51

I tried to login with the postgres user from my windows machine to my server with Pgadmin.

But it keeps giving me this error:

psql: FATAL:  password authentication failed for user "postgres"

So then I tried to login from the command line with psql, which gave me the same error. I then resetted the password to 'test' using psql, after putting the local entry in pg_hba.conf to trust. And then I placed the entry back to md5, and tried to login with the password 'test'.

In psql I have used these commands:

ALTER ROLE postgres WITH PASSWORD 'test';
ALTER ROLE postgres PASSWORD 'test';
ALTER USER postgres WITH PASSWORD 'test';
ALTER USER postgres PASSWORD 'test';

And this special psql command

\password

Every time, I returned the pg_hba.conf local entry to md5, and tried to login with psql:

psql -U postgres

And then I am asked for a password. After entering 'test', psql gives me the same error as I mentioned earlier.

And of course, I restarted postgresql after each and every change to the pg_hba file. And I'm using psql with 'su postgres'.

So, even though I am able to change the password the usual way, it isn't accepted as the password.

I hope somebody is able to help me with this.

Some info:

Postgresql 9.1 Ubuntu 12.04

Pg_hba file (as requested)

local   all             postgres                                md5

local   all             all                                     md5
# IPv4 local connections:
host    all             all             127.0.0.1/32            md5
# IPv6 local connections:
host    all             all             ::1/128                 md5

host    all             all             <my-ip-address>/32        md5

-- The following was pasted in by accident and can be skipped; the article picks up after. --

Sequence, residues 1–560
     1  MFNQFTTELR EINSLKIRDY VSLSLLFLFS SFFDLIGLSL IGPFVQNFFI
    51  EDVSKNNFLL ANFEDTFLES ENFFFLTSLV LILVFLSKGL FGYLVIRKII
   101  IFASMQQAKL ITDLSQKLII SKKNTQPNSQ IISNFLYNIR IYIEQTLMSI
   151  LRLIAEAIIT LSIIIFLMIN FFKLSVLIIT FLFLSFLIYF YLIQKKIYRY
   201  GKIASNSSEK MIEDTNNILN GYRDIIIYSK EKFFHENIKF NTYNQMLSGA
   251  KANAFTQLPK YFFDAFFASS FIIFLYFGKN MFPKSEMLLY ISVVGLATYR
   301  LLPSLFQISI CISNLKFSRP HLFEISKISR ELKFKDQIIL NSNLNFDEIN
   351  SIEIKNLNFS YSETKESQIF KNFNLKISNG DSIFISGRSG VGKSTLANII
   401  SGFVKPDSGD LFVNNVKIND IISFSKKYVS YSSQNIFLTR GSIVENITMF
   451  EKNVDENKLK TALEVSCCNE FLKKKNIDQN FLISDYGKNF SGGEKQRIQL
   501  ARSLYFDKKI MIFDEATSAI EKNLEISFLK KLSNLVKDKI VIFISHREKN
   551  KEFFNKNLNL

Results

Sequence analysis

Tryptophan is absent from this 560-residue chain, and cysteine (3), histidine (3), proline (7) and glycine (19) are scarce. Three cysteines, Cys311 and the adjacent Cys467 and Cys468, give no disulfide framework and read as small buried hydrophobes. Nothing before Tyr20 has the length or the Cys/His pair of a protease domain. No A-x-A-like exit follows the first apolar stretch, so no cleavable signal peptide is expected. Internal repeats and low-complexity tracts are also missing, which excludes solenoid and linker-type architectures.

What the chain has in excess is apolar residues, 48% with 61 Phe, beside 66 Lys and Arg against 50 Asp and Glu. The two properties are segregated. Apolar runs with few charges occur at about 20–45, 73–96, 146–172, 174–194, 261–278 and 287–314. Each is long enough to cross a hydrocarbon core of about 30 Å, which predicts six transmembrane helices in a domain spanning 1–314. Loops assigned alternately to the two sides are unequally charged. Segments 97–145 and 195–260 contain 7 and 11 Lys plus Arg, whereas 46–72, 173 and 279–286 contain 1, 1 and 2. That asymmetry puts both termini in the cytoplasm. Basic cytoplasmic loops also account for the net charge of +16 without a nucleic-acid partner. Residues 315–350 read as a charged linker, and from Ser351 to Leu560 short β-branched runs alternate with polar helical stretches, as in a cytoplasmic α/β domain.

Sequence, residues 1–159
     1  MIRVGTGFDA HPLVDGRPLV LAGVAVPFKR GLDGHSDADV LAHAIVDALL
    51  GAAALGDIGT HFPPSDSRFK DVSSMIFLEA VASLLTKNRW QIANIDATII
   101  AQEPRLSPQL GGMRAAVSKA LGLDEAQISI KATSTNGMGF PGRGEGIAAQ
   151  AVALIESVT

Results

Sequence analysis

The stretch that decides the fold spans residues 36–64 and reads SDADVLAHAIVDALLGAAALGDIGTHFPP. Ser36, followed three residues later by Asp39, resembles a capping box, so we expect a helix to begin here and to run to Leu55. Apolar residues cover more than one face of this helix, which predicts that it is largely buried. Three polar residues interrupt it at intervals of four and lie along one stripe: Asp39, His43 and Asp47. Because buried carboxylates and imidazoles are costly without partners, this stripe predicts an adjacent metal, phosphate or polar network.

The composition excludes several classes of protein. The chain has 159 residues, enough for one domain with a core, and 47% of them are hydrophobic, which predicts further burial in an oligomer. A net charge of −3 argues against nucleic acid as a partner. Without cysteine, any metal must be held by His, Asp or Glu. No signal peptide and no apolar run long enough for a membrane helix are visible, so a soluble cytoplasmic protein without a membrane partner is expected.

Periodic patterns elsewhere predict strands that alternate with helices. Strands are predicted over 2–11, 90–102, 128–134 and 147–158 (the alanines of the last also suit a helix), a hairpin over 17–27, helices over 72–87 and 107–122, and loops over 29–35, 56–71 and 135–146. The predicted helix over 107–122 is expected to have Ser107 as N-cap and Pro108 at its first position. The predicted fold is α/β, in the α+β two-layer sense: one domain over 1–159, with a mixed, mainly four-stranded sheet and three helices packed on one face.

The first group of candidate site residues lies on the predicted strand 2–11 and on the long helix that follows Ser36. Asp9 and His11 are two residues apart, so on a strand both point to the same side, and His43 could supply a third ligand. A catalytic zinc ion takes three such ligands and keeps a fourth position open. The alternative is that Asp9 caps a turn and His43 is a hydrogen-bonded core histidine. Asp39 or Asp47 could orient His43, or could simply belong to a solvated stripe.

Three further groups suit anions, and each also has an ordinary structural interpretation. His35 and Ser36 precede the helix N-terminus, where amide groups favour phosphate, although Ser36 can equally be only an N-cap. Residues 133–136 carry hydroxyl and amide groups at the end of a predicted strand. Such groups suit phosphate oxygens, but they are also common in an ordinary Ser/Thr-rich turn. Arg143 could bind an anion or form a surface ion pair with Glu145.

When I wanted to modify the password, I changed the top md5 to trust. I want to mention that this configuration has worked without problems before.

The results of

sudo -u postgres psql -x -c "select * from pg_user where usename='postgres'"

Are:

usename     | postgres
usesysid    | 10
usecreatedb | t
usesuper    | t
usecatupd   | t
userepl     | t
passwd      | ********
valuntil    | 1970-01-01 00:00:00+01
useconfig   |
  • Can you add the result of: sudo -u postgres psql -x -c "select * from pg_user where usename='postgres'" (to see password validity information) – Daniel Vérité Jan 28 '13 at 16:00
74

As shown in the latest edit, the password is valid until 1970, which means it's currently invalid. This explains the error message which is the same as if the password was incorrect.

Reset the validity with:

ALTER USER postgres VALID UNTIL 'infinity';

In a recent question, another user had the same problem with user accounts and PG-9.2:

PostgreSQL - Password authentication fail after adding group roles

So apparently there is a way to unintentionally set a bogus password validity to the Unix epoch (1st Jan, 1970, the minimum possible value for the abstime type). Possibly, there's a bug in PG itself or in some client tool that would create this situation.

EDIT: it turns out to be a pgadmin bug. See https://dba.stackexchange.com/questions/36137/

  • This fixed the problem. The weird thing is that I've never even touched that value. I noticed it being a date in the past, but I asumed that by putting this date in the past, the password wouldn't expire or something. Thanks! – milosa Jan 28 '13 at 16:24